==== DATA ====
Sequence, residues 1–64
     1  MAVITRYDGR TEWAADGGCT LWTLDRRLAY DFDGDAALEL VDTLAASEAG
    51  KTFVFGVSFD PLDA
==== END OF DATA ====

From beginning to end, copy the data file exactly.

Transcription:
Sequence, residues 1–64
     1  MAVITRYDGR TEWAADGGCT LWTLDRRLAY DFDGDAALEL VDTLAASEAG
    51  KTFVFGVSFD PLDA